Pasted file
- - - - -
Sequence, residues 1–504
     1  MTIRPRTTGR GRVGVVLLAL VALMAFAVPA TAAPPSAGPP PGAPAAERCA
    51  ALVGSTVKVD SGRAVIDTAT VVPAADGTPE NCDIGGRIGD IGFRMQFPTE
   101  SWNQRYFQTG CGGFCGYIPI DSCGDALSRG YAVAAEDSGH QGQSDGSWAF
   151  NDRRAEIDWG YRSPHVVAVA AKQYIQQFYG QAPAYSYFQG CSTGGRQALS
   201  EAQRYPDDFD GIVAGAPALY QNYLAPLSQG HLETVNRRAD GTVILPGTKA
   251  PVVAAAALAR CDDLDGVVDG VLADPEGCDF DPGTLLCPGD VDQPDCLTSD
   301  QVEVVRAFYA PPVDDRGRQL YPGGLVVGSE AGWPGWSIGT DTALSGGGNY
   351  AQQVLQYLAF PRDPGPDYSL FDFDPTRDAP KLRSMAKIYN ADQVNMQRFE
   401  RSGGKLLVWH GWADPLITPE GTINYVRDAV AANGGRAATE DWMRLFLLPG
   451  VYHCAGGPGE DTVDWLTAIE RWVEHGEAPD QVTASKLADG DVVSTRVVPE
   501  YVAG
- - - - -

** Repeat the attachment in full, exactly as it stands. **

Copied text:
Sequence, residues 1–504
     1  MTIRPRTTGR GRVGVVLLAL VALMAFAVPA TAAPPSAGPP PGAPAAERCA
    51  ALVGSTVKVD SGRAVIDTAT VVPAADGTPE NCDIGGRIGD IGFRMQFPTE
   101  SWNQRYFQTG CGGFCGYIPI DSCGDALSRG YAVAAEDSGH QGQSDGSWAF
   151  NDRRAEIDWG YRSPHVVAVA AKQYIQQFYG QAPAYSYFQG CSTGGRQALS
   201  EAQRYPDDFD GIVAGAPALY QNYLAPLSQG HLETVNRRAD GTVILPGTKA
   251  PVVAAAALAR CDDLDGVVDG VLADPEGCDF DPGTLLCPGD VDQPDCLTSD
   301  QVEVVRAFYA PPVDDRGRQL YPGGLVVGSE AGWPGWSIGT DTALSGGGNY
   351  AQQVLQYLAF PRDPGPDYSL FDFDPTRDAP KLRSMAKIYN ADQVNMQRFE
   401  RSGGKLLVWH GWADPLITPE GTINYVRDAV AANGGRAATE DWMRLFLLPG
   451  VYHCAGGPGE DTVDWLTAIE RWVEHGEAPD QVTASKLADG DVVSTRVVPE
   501  YVAG